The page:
In the face of plans by Christian conservatives to capitalize on President Bush's reelection, moderate and liberal Christian religious leaders pressed Tuesday for a new national debate to define morality.
Same-sex marriage and abortion emerged as primary issues in the election, but liberals and moderates said Tuesday that they didn't want the nation to lose sight of broader ethical questions such as poverty, economic and social justice, and the war in Iraq.
"How can you shrink all of our Christian ethics and values down to one or two hot-button issues?" asked the Rev. C. Welton Gaddy of the Interfaith Alliance, a Washington-based liberal group that boasts 150,000 members.
The Rev. Robert W. Edgar, general secretary of the National Council of Churches, said the election had opened a public dialogue on the meaning of values: "Do you mean private piety, or values locked into civil unions, abortion or homosexuality? Or do you mean public values, like eliminating poverty and healing the earth and seeking nonviolence and peaceful collaboration?"
The plea by moderates and liberals to find "common ground" around such issues as poverty comes as the religious right is basking in its part in Bush's reelection victory over Sen. John F. Kerry, the Democratic nominee.
"The mainline Protestants, who are now the sideline Protestants, and the secularists like John Kerry were the dominant force in 1960s America," Richard Land, president of the Ethics and Religious Liberty Commission of the Southern Baptist Convention, said last week. "Their day is over. Ours has arrived."
About 22% of all voters said their primary concerns were "moral issues," eclipsing the economy and the war in Iraq. More than half of Bush's voters cited moral issues as the chief reason they voted for him, eclipsing other issues, including terrorism and the economy, according to a Times exit poll.
A poll released Tuesday by the Barna Group, which does polling for religious groups, found that born-again Christians voted for Bush over Kerry by a 62%-to-38% margin. The poll also found that although the "born-again" population constituted 38% of Americans, it represented 53% of the votes cast in the election.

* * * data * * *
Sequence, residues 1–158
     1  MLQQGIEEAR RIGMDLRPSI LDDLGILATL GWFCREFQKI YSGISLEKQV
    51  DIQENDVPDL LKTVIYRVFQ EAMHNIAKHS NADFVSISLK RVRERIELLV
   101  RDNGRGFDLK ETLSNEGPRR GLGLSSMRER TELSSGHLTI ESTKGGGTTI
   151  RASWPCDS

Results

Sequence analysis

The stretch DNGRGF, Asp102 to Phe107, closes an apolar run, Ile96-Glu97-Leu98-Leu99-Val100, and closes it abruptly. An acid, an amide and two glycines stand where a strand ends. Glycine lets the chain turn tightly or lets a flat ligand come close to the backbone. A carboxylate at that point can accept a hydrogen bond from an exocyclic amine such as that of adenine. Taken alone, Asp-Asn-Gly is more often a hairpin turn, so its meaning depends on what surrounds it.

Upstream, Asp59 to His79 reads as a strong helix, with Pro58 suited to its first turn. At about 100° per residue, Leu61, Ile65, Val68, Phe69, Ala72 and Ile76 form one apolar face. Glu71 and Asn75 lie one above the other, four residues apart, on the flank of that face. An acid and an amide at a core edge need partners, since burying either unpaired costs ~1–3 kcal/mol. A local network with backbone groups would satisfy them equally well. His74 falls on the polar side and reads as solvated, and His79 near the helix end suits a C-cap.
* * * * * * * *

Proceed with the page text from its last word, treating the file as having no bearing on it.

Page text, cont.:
Land said conservative religious believers, including socially conservative Roman Catholics, Jews and evangelical Protestants, expected Bush to deliver on his promises. In addition to a constitutional amendment banning gay marriage, they "want strict constructionist judges who will reverse Roe vs. Wade -- make no mistake about it," Land said, referring to the 1973 Supreme Court decision that affirmed a woman's right to choose abortion under the constitutional right to privacy.
Liberal leaders on Tuesday said they were concerned that many evangelical Protestants and others had aligned themselves with the Republican Party and George Bush.
"Electing George Bush is fine," said the Rev. Jim Wallis, a self-described evangelical "religious conservative and social progressive," and editor of Sojourners Magazine. "Ordaining George Bush is something altogether different."
Success in finding shared interests will depend largely on whether Bush plays solely to his conservative religious base or embraces a broader view of morality in the public square, they said.
"Political leaders can appeal to our best angels or our worst angels. Political leaders can set the terms of the debate. If the debate is cast in a very divisive and shrill way, then sometimes the rest of us are put in the mode of responding to the cards you are dealt," Wallis said.
Despite the bravado among some conservative Christians, moderates and liberals held out hope Tuesday that they could find common ground with them on some issues.
Wallis said he hoped that those Bush voters concerned about the "life issues" of abortion and embryonic stem cell research would be as concerned about war.
"I hope some of them also have a concern for innocent lives now during the siege of Fallouja," Wallis said. Democrats, liberals and moderates, he said, should look for "more moderate ground" on abortion by backing programs to curb teenage pregnancies and to improve the lives of low-income women.
Earlier this year, the National Assn. of Evangelicals wrote a paper that warned Christians against aligning with one political party and cautioned against unquestioning nationalism. It called for protections for the poor, the sick and the disabled, as well as environmental protection.
An editorial in this month's issue of Christianity Today, an evangelical magazine, also cautioned against narrowly defining moral issues. "The dark side of single-issue politics is that it has forced evangelicals to become ever more shrill and ever less imaginative," the editorial said. "While single-mindedness in following Christ is always wise, single-issue voting may not be."